On twisty mountain roads, this new SV is just as fun and willing a dance partner as the original. The bike has the kind of light and direct steering that lets you flick the bike from side to side while remaining centered in the seat. There’s no body language required, and the bike really feels like it’s working with the rider. The engine has the same sort of encouraging personality—just leave it in one gear and revel in the smooth torque, as thick and tasty as a slab of Canadian bacon.

Shifting is slick and smooth and the clutch has progressive engagement, but compared to the super light pull on "slip-grip" clutches the SV's clutch-lever pull is a little heavy for the intended demo. Suspension is basic—they’re the same parts the SV has had since 1999, but with updated spring rates and damping—but works well. The fork reveals its limitations by feeling harsh over hard-edged bumps, but otherwise the suspension is pretty compliant and supportive.

2017 Suzuki SV650
Suzuki says the SV’s chassis features 80 new parts and the engine uses some 60 new components. While the Gladius (later called the SFV650) had a nebulous and swoopy look, the new SV is cleaner and leaner, though we wish Suzuki would have used more painted panels (especially around the headlight) instead of texture plastic. The tank is 65mm narrower while maintaining the same 3.8-gallon (3.6 gallons in California) capacity. The rider seat is 30mm narrower, and the passenger section is a bit longer. The SV is a slim package, and the 30.9-inch seat height is the lowest in the middleweight naked-bike class. Colors are Pearl Glacier White and Pearl Mira Red.©Motorcyclist

The only real drawback to the bike is the front brake. The Tokico two-piston calipers are 1999-spec and feel that way. There's not much bite, power, or feel, so entering a corner faster than expected can be more exciting than it should be. An ABS model will be available later this summer for an added $500. Many SV owners solved the bike's suspension and brake inadequacies by slapping a GSX-R front end on. (Like we did with this SV650 Streetbike Surgery.) Too bad Suzuki hasn't warmed to that idea yet, because while the SV650 is an undeniably competent bike it needs an edge to take on the Yamaha FZ-07, which is clearly the SV's direct rival.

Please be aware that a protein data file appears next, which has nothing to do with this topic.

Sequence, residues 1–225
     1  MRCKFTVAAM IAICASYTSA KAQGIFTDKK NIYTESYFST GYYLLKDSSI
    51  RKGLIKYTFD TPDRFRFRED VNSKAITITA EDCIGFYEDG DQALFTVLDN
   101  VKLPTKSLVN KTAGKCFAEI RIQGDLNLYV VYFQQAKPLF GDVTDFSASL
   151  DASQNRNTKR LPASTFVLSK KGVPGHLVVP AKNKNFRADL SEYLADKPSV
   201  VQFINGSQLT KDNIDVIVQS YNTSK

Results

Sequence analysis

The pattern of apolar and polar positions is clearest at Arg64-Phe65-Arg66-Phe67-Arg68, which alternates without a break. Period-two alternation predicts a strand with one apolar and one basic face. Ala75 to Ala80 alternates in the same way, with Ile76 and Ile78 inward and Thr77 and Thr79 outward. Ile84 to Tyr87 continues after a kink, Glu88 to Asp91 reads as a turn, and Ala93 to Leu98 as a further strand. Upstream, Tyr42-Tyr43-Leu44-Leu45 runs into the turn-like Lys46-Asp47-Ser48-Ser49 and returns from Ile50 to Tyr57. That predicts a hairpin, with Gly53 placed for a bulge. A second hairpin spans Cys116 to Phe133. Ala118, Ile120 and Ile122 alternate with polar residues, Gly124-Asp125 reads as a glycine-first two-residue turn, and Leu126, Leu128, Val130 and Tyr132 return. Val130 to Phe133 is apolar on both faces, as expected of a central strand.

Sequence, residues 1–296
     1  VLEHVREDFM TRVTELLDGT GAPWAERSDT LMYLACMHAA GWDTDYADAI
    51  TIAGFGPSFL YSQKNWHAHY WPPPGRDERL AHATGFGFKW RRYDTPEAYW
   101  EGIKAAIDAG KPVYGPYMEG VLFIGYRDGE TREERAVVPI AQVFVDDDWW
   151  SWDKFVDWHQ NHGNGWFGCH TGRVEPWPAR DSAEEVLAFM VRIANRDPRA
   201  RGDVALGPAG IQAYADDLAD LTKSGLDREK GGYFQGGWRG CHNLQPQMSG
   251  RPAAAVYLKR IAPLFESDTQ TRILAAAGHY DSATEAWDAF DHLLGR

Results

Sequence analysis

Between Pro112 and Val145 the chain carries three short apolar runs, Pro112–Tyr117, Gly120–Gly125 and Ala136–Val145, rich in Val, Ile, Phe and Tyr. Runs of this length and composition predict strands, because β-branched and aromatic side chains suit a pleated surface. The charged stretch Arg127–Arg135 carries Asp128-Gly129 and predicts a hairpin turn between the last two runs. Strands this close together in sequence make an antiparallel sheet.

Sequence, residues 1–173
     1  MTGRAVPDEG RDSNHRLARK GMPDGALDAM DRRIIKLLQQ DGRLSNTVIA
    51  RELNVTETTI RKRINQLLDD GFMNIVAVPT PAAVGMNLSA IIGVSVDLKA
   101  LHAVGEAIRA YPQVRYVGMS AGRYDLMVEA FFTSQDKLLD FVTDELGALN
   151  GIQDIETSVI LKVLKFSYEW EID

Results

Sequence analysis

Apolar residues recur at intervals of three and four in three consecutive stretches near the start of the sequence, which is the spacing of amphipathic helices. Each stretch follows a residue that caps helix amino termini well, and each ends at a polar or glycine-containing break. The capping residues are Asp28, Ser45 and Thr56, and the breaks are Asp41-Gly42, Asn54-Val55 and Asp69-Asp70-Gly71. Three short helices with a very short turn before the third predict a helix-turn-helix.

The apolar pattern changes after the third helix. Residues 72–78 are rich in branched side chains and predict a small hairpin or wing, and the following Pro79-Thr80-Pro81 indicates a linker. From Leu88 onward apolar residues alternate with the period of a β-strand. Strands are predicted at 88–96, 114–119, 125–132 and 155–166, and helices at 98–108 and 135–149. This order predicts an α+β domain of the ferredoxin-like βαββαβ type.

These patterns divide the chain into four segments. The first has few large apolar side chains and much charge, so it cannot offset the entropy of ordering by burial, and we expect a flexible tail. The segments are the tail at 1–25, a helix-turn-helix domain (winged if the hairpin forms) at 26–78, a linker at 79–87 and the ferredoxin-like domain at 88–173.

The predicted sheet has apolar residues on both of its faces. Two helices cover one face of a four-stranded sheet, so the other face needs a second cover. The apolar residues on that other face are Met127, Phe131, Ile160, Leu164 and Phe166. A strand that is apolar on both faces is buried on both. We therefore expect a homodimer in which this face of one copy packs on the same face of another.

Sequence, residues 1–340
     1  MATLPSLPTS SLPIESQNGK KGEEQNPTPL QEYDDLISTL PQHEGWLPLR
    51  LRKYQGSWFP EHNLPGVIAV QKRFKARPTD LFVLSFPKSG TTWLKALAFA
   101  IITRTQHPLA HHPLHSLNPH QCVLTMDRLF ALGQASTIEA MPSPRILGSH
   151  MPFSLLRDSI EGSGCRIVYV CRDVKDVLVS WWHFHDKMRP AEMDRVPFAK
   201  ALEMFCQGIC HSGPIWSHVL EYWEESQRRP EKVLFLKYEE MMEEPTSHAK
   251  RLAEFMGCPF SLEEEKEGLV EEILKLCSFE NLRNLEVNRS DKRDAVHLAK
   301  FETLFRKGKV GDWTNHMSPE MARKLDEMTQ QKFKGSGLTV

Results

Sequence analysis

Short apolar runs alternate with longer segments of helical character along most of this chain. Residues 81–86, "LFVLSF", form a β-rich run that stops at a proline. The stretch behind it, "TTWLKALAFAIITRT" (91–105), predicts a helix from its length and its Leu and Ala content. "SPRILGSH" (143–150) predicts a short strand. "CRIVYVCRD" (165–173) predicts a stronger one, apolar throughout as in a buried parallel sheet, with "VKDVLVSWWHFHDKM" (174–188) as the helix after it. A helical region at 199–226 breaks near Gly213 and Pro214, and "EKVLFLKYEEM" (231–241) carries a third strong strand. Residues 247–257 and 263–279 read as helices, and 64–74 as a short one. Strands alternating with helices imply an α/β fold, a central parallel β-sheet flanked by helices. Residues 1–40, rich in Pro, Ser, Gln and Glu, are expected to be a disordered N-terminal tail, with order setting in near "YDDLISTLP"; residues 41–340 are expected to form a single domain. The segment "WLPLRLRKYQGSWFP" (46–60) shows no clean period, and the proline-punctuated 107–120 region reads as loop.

Compared to the slim and feisty Yamaha FZ-07, the $6,999 SV650 is $9 more expensive, about 30 pounds heavier, and feels about 15 percent larger. Both engines have the same claimed horsepower, but the FZ-07's parallel twin is rowdier and overall the Yamaha feels more rambunctious. The Yamaha is also ultra-compact (read: small) so taller riders may be attracted to the slightly larger SV, which offers more or less the same combination of fun and functionality for a nearly identical price. We don't expect the SV650 to outclass the FZ-07, but we won't know for sure until we ride them back to back.

In the meantime, we're excited to have the SV650 back. It's got the same character and confidence-inspiring performance that we remember, but now with updated styling, a few more ponies, and some novel rider aids. When we last tested the SFV650 in late 2014 (see that MC Comparo here), Senior Editor Zack Courts suggested that "If Suzuki's design staff could trim the fat off the SFV and spruce it up with an aesthetic that's not trying so hard to be cool—while keeping the SFV's fun-loving personality—they would have a winner."

That’s just what Suzuki did, and that’s exactly what we have.

WATCH: 2017 Suzuki SV650 Walkaround

TECH SPEC

EVOLUTION
Slight updates to the engine and total makeover help refine the SV650 and return it to its former glory as a fun, versatile, do-it-all streetbike.
RIVALS
[Aprilia Shiver 750][], [Ducati Monster 821][], [BMW F800R][], [Honda CBR650F][], [Kawasaki Ninja 650][], [Yamaha FZ-07][]
TECH
PRICE $6,999
ENGINE 645cc, liquid-cooled 90° V-twin
TRANSMISSION/FINAL DRIVE 6-speed/chain
CLAIMED HORSEPOWER 75 hp @ 8500 rpm
CLAIMED TORQUE 47.2 lb.-ft. @ 8100 rpm
FRAME Tubular-steel trellis
FRONT SUSPENSION Showa 41mm fork; 4.9-in. travel
REAR SUSPENSION Showa shock adjustable for spring preload; 5.1-in. travel
FRONT BRAKE Tokico two-piston calipers, 290mm discs
REAR BRAKE Nissin one-piston caliper, 240mm disc
RAKE/TRAIL 25.0°/4.2 in.
WHEELBASE 56.9 in.
SEAT HEIGHT 30.9 in.
FUEL CAPACITY 3.6 gal.
CLAIMED WEIGHT 430 lb. wet
AVAILABLE June 2016
CONTACT [suzukicycles.com][]
VERDICT
The same SV650 we’ve always loved, and now we don’t mind looking at it!